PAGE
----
The contamination level of dirty bed linen and uniforms evidenced in the present study is not uncommon. In a study, the authors found a microbial load on white coats after use at an average level of 24 cfu/25 cm2 [16], which is similar to the average level of 45 cfu/25 cm2 on uniforms in the present study. Other researchers sampled pajamas and bed sheets after one-night use, and found contamination levels ranging from 102 to more than 105 cfu/10 cm2, which were larger than the average value of 23 cfu/25 cm2 on dirty bed linen in the present study, but it was using a different sampling method, namely swabbing [17]. While bed linen contamination obviously originates mostly from the patient, uniforms were most likely contaminated both by skin microflora of the wearer and by contact with contaminated surfaces during the work shift.

Contamination of clean bed linen may appear more unexpected. In a number of studies, bed sheets sampled before use did not appear to carry microbial loads [17,18]. Another one found that counts on clean white coats were, on average, lower than 2 cfu/25 cm2 [16]. Washing procedures seem efficient for a removal of microorganisms [19]. However, contamination may occur after washing, but before contact with the patient: 14% of clean clothes in staff dressing rooms were found to be contaminated by S. aureus, and 10% by Clostridium sp. [20]. In the present study, since textiles leaving the laundry appear to be free from contamination (according to the launderer), although they are not claimed to be sterile, most bacteria found on “clean” bed linen likely originated from contact between clean bed sheets and uniforms, while the bed was made by the hospital staff. Since all samples from uniforms were positive for presence of microorganisms, regardless of the job of the wearer, these uniforms represent the most likely source of contamination of bed linen. This is in agreement with studies showing a transfer of microorganisms between various textiles [14]. It should be noted that the relatively highly contaminated pillows and duvets are not changed as frequently as other items.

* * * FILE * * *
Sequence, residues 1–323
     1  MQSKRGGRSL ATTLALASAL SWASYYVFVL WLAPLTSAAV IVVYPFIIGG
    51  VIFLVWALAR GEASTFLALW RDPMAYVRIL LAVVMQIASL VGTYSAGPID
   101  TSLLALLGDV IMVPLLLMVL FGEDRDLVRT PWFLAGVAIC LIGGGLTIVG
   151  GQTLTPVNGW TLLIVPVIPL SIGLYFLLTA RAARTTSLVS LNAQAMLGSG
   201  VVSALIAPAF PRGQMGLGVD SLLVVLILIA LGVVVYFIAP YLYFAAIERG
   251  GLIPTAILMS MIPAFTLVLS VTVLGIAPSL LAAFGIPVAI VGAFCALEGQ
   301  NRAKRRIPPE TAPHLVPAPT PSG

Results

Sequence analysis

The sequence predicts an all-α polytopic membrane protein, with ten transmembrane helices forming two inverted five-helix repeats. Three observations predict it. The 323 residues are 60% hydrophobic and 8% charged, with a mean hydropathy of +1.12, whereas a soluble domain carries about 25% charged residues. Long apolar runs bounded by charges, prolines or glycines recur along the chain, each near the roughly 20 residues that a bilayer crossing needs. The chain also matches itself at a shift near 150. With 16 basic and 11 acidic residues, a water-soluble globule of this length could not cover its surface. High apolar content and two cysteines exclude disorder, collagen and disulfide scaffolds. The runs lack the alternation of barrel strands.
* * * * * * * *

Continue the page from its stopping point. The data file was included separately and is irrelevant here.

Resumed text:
Most species identified from the samples correspond to usual members of skin microflora or to bacteria from the environment. Gram-positive cocci were the most prevalent species. These findings are coherent with other reports [8,21,22]. A number of studies specifically focused on searching HAI-relevant pathogens [2], mostly S. aureus or enterococci [9,11,23]. In the present study, only eight samples contained S. aureus (two clean bed items, three dirty bed sheets, three uniforms), and a single dirty bed sheet was contaminated with a non-pathogenic Enterococcus strain. However, a majority of isolated species may act as opportunistic pathogens, given the fragility and possibly weakened immune system of patients staying in a hospital. Bacterial isolates were not tested for antimicrobial susceptibility, since our final objective is to reduce the microbial load overall.

Contamination of staff uniforms may be considered as the most relevant hazard identified from this study. Indeed, although rules on hand hygiene have received wide attention and nowadays are largely complied with, benefits from clean hands may be partially lost by the fact that contaminated uniforms are worn from one room to another. The ubiquity of staff in a hospital thus represents a likely route of infection spread possibly involving textiles. Therefore, the use of treated textiles having an antimicrobial activity may be beneficial for limiting HAIs [24,25]. As a follow-up to the present results, similar tests will be performed by using bed sheets and uniforms with an antimicrobial activity.

5. Acknowledgements

This work was supported by Région Nord-Pas-de-Calais and European regional development fund in the framework of CROSSTEXNET ERA-NET Project Transnational Call 2010 (Antibacterial flexible barrier to fight nosocomial diseases in hospital and for medical applicationsBACNOS) from the European commission. Partners of the project BACNOS are gratefully acknowledged: Devan Chemicals NV, Colortex bvba, Centexbel, and Subrenat.